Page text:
On Tuesday, I was fortunate to co-moderate a NYSE-sponsored webcast with Judy McLevey at the NYSE, as we discussed the leading proxy and governance issues for 2012 with a group of recognized experts that included Doug Chia from Johnson & Johnson, Michelle Edkins and Robert Zivnuska from BlackRock, Gordon McCoun from FTI Consulting and Pat McGurn from ISS.  An archive of the webcast is available here. Judy first informed us that while 285 companies have held annual meetings, 430 more are slated for April with another 970 currently scheduled for May.  The panelists then provided interesting perspectives and useful advice on several issues relevant to public companies today, including the following:

Proxy Statements.  Doug discussed J&J’s efforts to start from scratch for this year’s proxy statement with an eye toward redesigning it for the individual investor, noting that a number of companies have attempted to make their documents attention getting, almost like glossy annual reports.  Due to its large volume of holdings, Bob stated that BlackRock’s starting point for proxy review are the summaries generated by proxy advisor firms, before they dive into the proxy statements themselves.  CD&A summaries with the board’s perspective, clarified through tabular and graphical disclosure, has been a helpful innovation, but they are not as enthusiastic about proxy summaries that may be trying to get ahead of proxy advisors and fail to include data that BlackRock would find important, such as conflicts of interests.

Say-on-Pay.  Pat reiterated that ISS has changed its methodology to place more emphasis on the three-year and five-year timeframe in its initial quantitative pay-for-performance analysis, as well as review overall pay magnitude.  More companies are providing proxy disclosure that already anticipates investor (and ISS) concerns, as a preemptive strike, which has proved to be helpful in allowing ISS to get information out to their clients faster and possibly avoid the need for so many of the ancillary filings made last year.  As a result of these and other improvements, Pat predicts that there will not be a substantial increase in opposition in 2012.  There has only been one instance so far of ISS making negative recommendations against the compensation committee as a result of unresponsiveness to the prior year’s low votes.  Overall, average support levels are at 91% with 9% against, and the number of ISS’ negative recommendations are currently running in the low teens.

Shareholder Engagement.  According to Bob, BlackRock has seen a significant increase in shareholder engagement during the post-season period, from July through February, as companies reach out to investors to interpret their vote result in order to build in those perspectives into their compensation committees’ processes.  Board members have even met directly with investors when there have been real concerns.  While triggered by compensation, BlackRock has used these engagement opportunities to also speak to companies about other governance or performance questions.  Since BlackRock and likely other investors are not looking at the proxy statements until a week or two before the vote is due, Michelle emphasized that building an existing relationship with investors is the best way to facilitate those last-minute panicked calls to try to obtain support in the face of negative proxy advisory firm recommendations.  Doug recounted J&J’s broad outreach efforts in light of the company’s 61% support for say-on-pay in 2011, as they devoted more time and resources to gain an understanding of the vote results and explain their story.  On his part, Gordon believes that the 2012 proxy vote will be as much about the engagement process companies have undertaken in response to the 2011 say-on-pay vote as on the compensation paid.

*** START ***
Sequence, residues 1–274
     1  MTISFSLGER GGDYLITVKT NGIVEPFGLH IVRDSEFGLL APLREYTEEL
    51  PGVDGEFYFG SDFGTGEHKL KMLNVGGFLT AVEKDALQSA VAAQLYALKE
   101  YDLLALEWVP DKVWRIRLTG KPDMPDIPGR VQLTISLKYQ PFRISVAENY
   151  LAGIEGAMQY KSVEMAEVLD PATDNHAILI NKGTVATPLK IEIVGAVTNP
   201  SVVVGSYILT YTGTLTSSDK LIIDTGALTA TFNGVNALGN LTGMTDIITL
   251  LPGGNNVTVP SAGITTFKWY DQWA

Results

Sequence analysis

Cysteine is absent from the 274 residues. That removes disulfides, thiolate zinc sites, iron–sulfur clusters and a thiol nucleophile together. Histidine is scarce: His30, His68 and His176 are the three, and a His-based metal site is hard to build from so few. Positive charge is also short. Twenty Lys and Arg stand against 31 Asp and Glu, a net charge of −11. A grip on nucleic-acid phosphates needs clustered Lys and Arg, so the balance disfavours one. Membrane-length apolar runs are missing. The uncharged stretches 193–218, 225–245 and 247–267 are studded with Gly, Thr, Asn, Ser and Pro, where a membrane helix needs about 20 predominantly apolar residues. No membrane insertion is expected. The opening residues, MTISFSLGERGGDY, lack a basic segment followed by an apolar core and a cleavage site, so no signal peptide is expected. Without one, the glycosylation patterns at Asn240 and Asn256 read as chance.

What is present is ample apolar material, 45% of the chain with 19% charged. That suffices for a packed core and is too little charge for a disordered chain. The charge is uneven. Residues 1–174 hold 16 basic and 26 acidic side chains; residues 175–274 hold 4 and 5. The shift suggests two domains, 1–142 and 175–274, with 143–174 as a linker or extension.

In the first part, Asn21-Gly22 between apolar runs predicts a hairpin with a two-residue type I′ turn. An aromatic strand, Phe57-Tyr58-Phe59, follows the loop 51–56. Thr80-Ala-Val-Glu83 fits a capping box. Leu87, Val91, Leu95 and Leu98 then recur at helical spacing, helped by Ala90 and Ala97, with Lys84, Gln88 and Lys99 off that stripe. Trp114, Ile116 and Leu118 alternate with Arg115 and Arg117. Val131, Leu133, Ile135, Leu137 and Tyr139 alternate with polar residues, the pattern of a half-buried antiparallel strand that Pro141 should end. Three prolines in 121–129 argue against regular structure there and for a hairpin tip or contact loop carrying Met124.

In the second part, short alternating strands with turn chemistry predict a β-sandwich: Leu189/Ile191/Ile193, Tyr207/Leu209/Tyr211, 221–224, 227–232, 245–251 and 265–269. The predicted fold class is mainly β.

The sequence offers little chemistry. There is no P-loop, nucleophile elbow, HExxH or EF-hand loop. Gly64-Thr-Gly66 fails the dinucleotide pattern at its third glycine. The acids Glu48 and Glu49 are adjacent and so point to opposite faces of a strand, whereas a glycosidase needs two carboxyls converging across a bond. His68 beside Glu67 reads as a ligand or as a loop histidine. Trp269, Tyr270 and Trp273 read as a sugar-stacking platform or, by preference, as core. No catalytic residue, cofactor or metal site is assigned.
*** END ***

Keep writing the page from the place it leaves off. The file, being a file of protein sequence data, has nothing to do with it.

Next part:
Shareholder Proposals.  Shareholder engagement is also the reason that there are fewer proposals this year, as companies and proponents agree on compromises after negotiations.  After speaking with hundreds of investors, Pat stated that it continues to be difficult to predict the level of support that proxy access shareholder proposals will receive.  About a dozen proposals are likely to come to vote.  Investors have indicated that rights to access should only be available at a reasonable ownership level, but have not quite agreed upon what level is reasonable.  Interestingly, the length of the holding period seem to be less of a concern to investors.  In giving their views on several different proposals, Bob and Michelle indicated that BlackRock believes a strong lead independent director can provide sufficient independent oversight without the need for an independent chair in all instances, but that a declassified board coupled with majority voting really enhances the accountability of directors.  With respect to the popular political contributions proposals, BlackRock conducts a case-by-case analysis on the nature of the proposal and the kinds of disclosure the company is already making.  Their advice for company opposition statements in proxy statements is to avoid starting with the conclusion that the proposal is not in the best interest of the company and instead focus on how the company has already addressed the concerns raised in the proposal.